Conversation 1: May 2017

SB: Hi – can I introduce you to my preferred method of dealing with long emails? I cut and paste and respond in red. This helps me with visual disturbances, losing binary focus  and dyslexia. If it’s horrible for you we can try to arrive at a compromise.

KM: Hello! This format makes sense to me – I’ll add another colour below…

Dear Sonia,

I’m not sure what I need from you, to be honest. I tend to be happiest when I’m responding rather than planning, and so I generally figure things out as I go along.

This is familiar – me too.

All I know at the moment is that I need to encounter lots of different ways that autistic women live, so that I can try to avoid talking about how I like things to be done, and assuming it’s universal. 

Okay. Is this because it is more of a survey than a personal account?

Yes – moving on my the book I’ve just written, which is a personal account, I’m thinking of looking more broadly at autistic women in general. It’s strange to move on to writing the next book before publishing the last one, but there we go. I have to cede control over these things.


For example, the only other woman I’ve approached so far is going to take me to a wrestling match, which is totally confounding my expectations of what might be a comfortable environment for any of us! I said, ‘Will everyone stare at me if I bring my ear defenders?’ and she said, ‘No, you’ll fit right in.’ So now I’m quite excited to encounter it myself and ask her how she sees it.

 I would rather die. I know you wont take this the wrong way – call it research bonus material…

Ha ha me too! This is what I like about being a writer, though – I often use it to pretend to be someone else altogether. In this case, I can go to the match and survive because it’s work rather than leisure. At the same time, I’m absolutely fascinated to find out what she gets out of the experience. I don’t understand it at all, but she reckons she’s not the only ND person who attends regularly, so there must be something going on there.

For sure.

Anyway, from what you say so far, it sounds to me like the integration of work, life and being autistic is vital to you, and it’s the same for me, I think, although I’m still struggling not to pretend I’m like everyone else.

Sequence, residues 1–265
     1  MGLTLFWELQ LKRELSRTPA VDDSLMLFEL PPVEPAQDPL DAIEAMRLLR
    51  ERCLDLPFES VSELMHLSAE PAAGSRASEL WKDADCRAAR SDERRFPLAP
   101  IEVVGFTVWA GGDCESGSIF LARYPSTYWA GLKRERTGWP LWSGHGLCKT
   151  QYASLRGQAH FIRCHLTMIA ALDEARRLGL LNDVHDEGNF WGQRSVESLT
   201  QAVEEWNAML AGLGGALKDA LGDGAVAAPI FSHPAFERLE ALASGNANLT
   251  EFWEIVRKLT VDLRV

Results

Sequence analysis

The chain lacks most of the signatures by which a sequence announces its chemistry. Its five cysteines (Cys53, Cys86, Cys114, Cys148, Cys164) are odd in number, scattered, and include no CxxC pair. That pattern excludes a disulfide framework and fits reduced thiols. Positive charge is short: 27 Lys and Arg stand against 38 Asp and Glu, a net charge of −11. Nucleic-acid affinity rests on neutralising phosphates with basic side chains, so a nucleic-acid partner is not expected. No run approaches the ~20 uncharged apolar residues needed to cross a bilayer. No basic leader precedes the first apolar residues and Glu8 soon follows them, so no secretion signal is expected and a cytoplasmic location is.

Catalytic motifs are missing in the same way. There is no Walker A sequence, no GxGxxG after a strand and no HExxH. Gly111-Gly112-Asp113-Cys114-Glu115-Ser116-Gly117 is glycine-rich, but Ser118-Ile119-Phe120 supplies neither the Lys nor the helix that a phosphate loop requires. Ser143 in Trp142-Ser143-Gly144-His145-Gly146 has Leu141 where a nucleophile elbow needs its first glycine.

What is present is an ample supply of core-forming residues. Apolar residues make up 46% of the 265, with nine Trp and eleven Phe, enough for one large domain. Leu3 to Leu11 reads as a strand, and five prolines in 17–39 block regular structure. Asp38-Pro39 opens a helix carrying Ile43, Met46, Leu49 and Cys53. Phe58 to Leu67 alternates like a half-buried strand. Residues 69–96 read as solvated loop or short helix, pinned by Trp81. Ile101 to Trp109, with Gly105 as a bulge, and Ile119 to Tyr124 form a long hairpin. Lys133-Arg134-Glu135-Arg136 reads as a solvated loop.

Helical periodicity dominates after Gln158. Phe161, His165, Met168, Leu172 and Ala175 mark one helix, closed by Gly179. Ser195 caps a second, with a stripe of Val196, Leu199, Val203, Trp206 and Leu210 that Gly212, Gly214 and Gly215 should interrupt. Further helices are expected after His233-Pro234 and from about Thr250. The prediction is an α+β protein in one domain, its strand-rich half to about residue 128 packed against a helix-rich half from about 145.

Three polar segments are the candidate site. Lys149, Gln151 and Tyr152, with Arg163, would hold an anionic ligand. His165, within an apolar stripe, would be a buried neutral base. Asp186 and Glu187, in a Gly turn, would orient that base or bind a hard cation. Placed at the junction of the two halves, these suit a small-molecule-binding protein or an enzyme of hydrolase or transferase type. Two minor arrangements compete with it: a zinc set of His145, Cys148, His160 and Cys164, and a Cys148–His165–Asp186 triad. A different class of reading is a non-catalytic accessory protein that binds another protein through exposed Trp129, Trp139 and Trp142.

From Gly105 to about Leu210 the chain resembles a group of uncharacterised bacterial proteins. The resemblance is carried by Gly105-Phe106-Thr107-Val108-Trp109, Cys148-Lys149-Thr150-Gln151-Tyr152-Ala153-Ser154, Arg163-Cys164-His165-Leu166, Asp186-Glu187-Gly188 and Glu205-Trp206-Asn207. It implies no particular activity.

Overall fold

Gaining funding for my professional development template has been hugely validating – also I’m almost 55 – I don’t give many fucks anymore. I’m done with anxiety and not being me.  

We have both run out of fucks, I think. I gave many more fucks when I thought I was NT but just chronically unable to cope. Now – they’ve flown out the window.

 I want to insert emoji hand claps but don’t know how. 

Old habits die hard.

They do. 

Perhaps I could just come along and join you while you work for a day? I don’t care if that’s you silently concentrating (in which case I’ll just work alongside you and not stare) or collaborating, but either way I’d like to talk to you afterwards about how you’re managing that integration. Again, happy to do that in whatever way you’re comfortable with – in person or as an email conversation, or something else.

I’m very happy to have you along but struggling with the form – neither of my two work places are private and my collaborative days take so much of my executive function that I’m not sure I can manage another factor. I think I would I feel observed and act differently, and/or feel responsible for you.  
Probably I can control the studio environment more easily (i.e. ask other artists to avoid coming in that day) – so that is an option if we want to do this in real time. That will take planning but can be negotiated quite easily.  
I can’t visualise the email/chat observation?? Probably because I’ve never experienced it. I need to do to know.

Okay – I know I’d hate to be watched working too, largely because it would entail me gurning, biting my nails, frowning, and maybe drinking the occasional cup of coffee. If the roles were reversed, I’d invite you to come with me on a walk instead, or maybe a swim in the sea. Both are absolutely crucial to who I am, and make me feel integrated. So what I’m saying (in a long-winded way) is – maybe have a think and see what you’d feel comfortable asking me to witness. Or even, what you would feel joyful to share!

Joyful to share – it’s such a great term. My immediate thought was we should go to an exhibition together – or charity shop/flea market shopping (this is research for me). One of my obsessions is collecting abandoned family photographs but I also need objects for my work and I love to lose myself in the search. The feeling when I find THE RIGHT THING is the best. A good exhibition is incredibly exciting for me. Like you I have to research a subject 1000% and this is joyful but hard to translate into – come join me, as you say above.

KM: Oh I absolutely love this idea! I am most at home in galleries – one of my first jobs was at Tate Britain, and staff are allowed in before the galleries open to the public, when it’s beautifully quiet and you feel like the paintings are yours alone. I miss it, although not the hordes of school children I used to have work with! My new favourite is the Ashmolean, because of the Samuel Palmer collection. But I adore flea markets and charity shops too – I get a real sense of flow from hunting for the things I accidentally collect, which tends to be cutlery and glassware. It used to be Devonware, but a whole box of it smashed when we last moved house, and I couldn’t bear to start all over again. ANYWAY. This is perfect. Let me know when/where is good for you.

I’d also like to ask you about that late diagnosis, because it amazes me what a long journey we’ve all had.



Hope that all makes sense.


Best wishes,


I love all these colours! 

Glad it works for you too 🙂